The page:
This book answers the question: 'What's next?' The Internet had a world-changing impact on businesses and the global community over the twenty years from 1994 to 2014. In the next ten years, change will happen even faster. As Hillary Clinton's Senior Advisor for Innovation, Alec Ross travelled nearly a million miles to forty-one countries, the equivalent of two round-trips to the moon. From refugee camps in the Congo and Syrian war zones, to visiting the world's most powerful people in business and government, Ross's travels amounted to a four-year masterclass in the changing nature of innovation. In The Industries of the Future, Ross distils his observations on the forces that are changing the world. He highlights the best opportunities for progress and explains how countries thrive or sputter. Ross examines the specific fields that will most shape our economic future over the next ten years, including robotics, artificial intelligence, the commercialization of genomics, cybercrime and the impact of digital technology. Blending storytelling and economic analysis, he answers questions on how we will need to adapt. Ross gives readers a vivid and informed perspective on how sweeping global trends are affecting the ways we live, now and tomorrow.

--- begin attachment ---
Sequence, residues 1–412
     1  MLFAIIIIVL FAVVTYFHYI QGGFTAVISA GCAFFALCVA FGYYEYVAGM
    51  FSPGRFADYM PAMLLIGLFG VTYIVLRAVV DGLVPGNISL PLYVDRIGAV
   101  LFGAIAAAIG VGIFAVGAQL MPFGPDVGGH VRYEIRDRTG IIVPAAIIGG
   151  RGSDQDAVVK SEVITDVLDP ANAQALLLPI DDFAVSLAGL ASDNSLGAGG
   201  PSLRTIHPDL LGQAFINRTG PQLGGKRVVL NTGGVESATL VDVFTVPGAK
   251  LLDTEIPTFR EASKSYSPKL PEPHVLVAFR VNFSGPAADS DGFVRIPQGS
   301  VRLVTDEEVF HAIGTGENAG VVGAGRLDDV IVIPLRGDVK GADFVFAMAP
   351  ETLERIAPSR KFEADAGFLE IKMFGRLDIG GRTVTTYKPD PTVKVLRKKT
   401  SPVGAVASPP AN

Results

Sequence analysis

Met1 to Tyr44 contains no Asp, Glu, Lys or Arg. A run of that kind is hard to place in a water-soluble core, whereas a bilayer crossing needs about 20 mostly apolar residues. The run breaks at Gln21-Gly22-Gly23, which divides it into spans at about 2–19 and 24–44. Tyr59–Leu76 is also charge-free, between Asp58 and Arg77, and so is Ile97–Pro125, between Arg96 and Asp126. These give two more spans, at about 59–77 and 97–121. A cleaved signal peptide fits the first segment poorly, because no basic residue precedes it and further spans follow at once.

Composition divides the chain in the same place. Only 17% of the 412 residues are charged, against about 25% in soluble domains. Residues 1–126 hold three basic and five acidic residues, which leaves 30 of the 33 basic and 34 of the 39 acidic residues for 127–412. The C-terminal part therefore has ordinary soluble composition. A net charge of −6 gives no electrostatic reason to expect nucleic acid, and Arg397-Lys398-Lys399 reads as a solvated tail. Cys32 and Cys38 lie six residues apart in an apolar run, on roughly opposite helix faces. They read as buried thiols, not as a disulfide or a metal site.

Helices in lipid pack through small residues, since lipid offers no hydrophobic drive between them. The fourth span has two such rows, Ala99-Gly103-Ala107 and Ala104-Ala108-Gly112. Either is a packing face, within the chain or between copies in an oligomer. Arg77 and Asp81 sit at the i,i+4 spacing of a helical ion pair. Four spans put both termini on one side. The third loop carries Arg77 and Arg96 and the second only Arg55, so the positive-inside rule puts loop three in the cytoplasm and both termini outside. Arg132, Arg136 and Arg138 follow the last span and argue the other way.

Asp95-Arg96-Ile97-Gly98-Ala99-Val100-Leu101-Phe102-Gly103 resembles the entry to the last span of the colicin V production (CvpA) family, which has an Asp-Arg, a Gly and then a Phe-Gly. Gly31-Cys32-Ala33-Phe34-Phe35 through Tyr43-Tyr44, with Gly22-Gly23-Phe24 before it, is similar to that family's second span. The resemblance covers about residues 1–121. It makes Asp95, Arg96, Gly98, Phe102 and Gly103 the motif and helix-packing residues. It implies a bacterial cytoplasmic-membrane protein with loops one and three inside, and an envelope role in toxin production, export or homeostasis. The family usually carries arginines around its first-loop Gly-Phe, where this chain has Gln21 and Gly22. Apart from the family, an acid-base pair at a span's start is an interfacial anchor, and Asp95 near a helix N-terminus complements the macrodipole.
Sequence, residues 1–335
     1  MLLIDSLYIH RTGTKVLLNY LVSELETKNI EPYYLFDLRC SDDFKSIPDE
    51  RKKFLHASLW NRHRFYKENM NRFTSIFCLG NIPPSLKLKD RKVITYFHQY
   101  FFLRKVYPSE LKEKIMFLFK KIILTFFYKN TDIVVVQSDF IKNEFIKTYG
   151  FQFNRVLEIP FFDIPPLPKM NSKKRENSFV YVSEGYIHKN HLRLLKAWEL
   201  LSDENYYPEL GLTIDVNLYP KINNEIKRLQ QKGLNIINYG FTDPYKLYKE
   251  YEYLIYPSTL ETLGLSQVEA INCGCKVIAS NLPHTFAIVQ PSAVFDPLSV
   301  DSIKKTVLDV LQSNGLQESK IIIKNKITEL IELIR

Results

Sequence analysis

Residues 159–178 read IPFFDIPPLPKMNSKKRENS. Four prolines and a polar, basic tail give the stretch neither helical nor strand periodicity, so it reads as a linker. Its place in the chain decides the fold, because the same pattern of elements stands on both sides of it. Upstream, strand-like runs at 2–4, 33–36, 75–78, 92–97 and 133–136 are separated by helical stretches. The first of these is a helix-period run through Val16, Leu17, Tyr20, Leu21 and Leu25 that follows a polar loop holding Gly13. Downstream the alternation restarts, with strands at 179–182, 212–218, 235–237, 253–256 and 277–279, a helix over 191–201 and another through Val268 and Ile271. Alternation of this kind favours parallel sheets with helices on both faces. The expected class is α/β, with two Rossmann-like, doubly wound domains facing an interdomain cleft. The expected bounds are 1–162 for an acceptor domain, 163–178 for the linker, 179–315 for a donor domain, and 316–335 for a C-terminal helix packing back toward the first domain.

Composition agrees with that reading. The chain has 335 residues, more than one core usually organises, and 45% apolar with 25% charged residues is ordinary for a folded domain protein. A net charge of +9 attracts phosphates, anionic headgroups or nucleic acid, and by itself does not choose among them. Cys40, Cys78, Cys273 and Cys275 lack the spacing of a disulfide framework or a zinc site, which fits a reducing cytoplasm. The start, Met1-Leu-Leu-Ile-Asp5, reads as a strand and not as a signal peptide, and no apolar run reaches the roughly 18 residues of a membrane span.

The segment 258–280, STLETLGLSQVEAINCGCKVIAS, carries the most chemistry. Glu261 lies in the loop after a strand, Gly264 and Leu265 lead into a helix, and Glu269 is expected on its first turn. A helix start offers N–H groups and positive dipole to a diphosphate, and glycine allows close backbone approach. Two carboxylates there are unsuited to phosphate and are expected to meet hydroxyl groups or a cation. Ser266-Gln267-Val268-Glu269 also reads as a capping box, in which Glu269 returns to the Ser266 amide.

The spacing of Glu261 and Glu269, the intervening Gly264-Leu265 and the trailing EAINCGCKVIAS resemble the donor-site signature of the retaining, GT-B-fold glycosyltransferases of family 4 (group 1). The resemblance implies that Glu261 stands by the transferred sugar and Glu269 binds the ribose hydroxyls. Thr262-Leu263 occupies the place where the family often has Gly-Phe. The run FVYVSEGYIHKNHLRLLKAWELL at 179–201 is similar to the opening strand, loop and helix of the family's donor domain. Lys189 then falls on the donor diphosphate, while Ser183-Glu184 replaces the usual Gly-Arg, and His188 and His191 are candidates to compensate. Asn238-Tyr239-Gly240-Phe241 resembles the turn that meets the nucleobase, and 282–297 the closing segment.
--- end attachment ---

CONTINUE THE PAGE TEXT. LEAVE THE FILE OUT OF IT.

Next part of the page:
An examination of the development of the first American appliance - the cast iron stove. The stove created a quiet but culturally contested transform of domestic life and sparked important debates about women, industrialization, the definition of social class and the consumer economy.
No longer just a mainstay of science fiction, VR has seen recent success with companies such as Oculus, Sony, and HTC. But little is known about its history, which reaches back decades. Ewalt chronicles its origins in Cold War military laboratories, and traces it through decades of hype and failed products, to a teenage gamer whose advancements made the recent breakthroughs in VR possible. Writing for a mainstream audience as well as technology enthusiasts, Ewalt offers a unique perspective on how VR got here, where it's going, and how and why it will change the way we live.